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Interdisciplinary Perspectives on Infectious Diseases
Volume 2014 (2014), Article ID 306478, 5 pages
Research Article

Compliance of Healthcare Workers with Hand Hygiene Practices in Neonatal and Pediatric Intensive Care Units: Overt Observation

1Department of Pediatrics, Division of Pediatric Infectious Diseases, Marmara University Medical Faculty, Istanbul, Turkey
2Department of Infectious Diseases, Marmara University Medical Faculty, Istanbul, Turkey
3Infectious Control Nurses, Marmara University Medical Faculty, Istanbul, Turkey

Received 7 August 2014; Accepted 10 November 2014; Published 25 November 2014

Academic Editor: Albert Eid

Copyright © 2014 Ayşe Karaaslan et al. This is an open access article distributed under the Creative Commons Attribution License, which permits unrestricted use, distribution, and reproduction in any medium, provided the original work is properly cited.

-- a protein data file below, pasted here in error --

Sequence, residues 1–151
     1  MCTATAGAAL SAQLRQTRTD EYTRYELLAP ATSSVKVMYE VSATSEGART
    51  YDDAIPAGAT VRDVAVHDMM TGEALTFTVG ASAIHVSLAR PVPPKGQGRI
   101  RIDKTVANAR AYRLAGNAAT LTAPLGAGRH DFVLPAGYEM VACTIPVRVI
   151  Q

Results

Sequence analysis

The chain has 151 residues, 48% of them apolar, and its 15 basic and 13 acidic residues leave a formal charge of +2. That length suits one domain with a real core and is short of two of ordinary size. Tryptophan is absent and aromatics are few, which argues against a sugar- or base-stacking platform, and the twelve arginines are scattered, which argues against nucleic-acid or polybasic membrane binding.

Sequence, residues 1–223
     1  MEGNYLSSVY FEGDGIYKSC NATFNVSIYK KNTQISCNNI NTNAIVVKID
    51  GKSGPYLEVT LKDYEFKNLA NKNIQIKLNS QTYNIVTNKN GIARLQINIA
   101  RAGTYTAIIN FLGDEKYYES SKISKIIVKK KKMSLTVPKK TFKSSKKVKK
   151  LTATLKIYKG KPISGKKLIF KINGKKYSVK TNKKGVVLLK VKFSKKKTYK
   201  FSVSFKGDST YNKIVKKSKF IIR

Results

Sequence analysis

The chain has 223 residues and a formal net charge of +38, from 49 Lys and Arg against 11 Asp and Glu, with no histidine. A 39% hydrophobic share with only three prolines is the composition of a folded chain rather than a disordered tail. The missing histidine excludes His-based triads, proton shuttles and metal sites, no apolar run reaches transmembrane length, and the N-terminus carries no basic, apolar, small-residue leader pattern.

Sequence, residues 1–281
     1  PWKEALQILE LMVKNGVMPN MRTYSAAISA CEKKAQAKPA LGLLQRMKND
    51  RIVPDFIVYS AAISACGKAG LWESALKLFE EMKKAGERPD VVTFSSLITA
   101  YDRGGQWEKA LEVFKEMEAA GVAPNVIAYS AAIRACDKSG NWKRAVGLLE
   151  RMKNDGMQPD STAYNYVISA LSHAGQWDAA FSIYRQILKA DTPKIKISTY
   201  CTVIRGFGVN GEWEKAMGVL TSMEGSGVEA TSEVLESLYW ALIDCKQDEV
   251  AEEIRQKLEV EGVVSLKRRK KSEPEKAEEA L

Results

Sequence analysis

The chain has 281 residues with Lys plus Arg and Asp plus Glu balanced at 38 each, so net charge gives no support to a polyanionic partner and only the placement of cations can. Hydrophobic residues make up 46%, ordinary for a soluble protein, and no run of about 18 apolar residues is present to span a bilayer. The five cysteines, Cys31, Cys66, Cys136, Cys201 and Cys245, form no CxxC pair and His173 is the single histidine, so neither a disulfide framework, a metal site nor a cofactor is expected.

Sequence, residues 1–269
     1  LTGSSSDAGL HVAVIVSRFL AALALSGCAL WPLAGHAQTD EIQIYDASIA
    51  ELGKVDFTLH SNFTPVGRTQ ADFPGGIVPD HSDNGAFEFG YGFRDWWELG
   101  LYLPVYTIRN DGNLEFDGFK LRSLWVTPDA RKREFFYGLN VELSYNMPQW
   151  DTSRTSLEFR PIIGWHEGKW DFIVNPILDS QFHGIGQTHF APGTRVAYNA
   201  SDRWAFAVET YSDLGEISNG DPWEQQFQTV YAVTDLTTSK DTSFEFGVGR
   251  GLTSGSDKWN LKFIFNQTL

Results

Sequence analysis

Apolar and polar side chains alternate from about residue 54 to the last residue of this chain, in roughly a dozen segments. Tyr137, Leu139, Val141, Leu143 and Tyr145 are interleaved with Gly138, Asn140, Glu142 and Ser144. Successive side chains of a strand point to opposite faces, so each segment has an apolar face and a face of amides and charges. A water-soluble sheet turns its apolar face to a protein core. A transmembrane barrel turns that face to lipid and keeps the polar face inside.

Background. The objective of this study was to assess the compliance of hand hygiene (HH) of healthcare workers (HCWs) in the neonatal and pediatric intensive care unit in a tertiary university hospital in Istanbul. Methods. An observational study was conducted on the compliance of HH for the five World Health Organization (WHO) indications. HCWs were observed during routine patient care in day shift. The authors also measured the technique of HH through hand washing or hand hygiene with alcohol-based disinfectant. Results. A total of 704 HH opportunities were identified during the observation period. Overall compliance was 37.0% (261/704). Compliance differed by role: nurses (41.4%) and doctors (31.9%) [, OR: 1.504, CI 95%: 1.058–2.137]. HCWs were more likely to use soap and water (63.6%) compared to waterless-alcohol-based hand hygiene (36.3%) []. Conclusion. Adherence to hand hygiene practice and use of alcohol-based disinfectant was found to be very low. Effective education programs that improve adherence to hand hygiene and use of disinfectants may be helpful to increase compliance.